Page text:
Some people, including some fans of Ayn Rand, have criticized the idea of celebrating Randsday (i.e., Rand’s birthday) by treating yourself to something special that you want but would not ordinarily buy or do for yourself. “If the idea is to do something special for yourself on Rand’s birthday,” people have asked, “doesn’t that negate the idea of selfishness as a fundamental virtue? If selfishness is truly a virtue, shouldn’t you be selfish every day?”
This misses the point and spirit of the holiday.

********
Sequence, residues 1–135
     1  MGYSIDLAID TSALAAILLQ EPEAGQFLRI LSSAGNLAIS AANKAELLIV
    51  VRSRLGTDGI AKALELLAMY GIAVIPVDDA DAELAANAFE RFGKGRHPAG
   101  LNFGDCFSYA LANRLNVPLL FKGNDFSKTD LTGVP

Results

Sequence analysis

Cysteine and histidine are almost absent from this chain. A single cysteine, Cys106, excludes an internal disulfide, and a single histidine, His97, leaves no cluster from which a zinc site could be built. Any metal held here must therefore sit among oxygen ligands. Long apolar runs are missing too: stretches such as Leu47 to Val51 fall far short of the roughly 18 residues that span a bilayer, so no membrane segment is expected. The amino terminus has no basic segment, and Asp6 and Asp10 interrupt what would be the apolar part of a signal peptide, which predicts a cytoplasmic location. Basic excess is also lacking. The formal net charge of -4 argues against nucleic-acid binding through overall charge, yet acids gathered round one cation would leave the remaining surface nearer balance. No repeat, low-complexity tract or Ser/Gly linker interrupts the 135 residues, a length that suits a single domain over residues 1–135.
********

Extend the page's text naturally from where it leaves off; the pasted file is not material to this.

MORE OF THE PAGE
Indeed, you should be selfish every day; your life and happiness require it. The reason to do something special for yourself on Randsday is not to be selfish on this day as against some selfless norm of every other day. Nor is the point to demonstrate your selfishness to others through some form of egoistic “virtue signaling” (that would be bizarrely second-handed). Rather, the reason is to celebrate the birthday of the philosopher who showed that selfishness is a virtue—and to do so in a way symbolic of and uniquely warranted by her vital ideas. . . .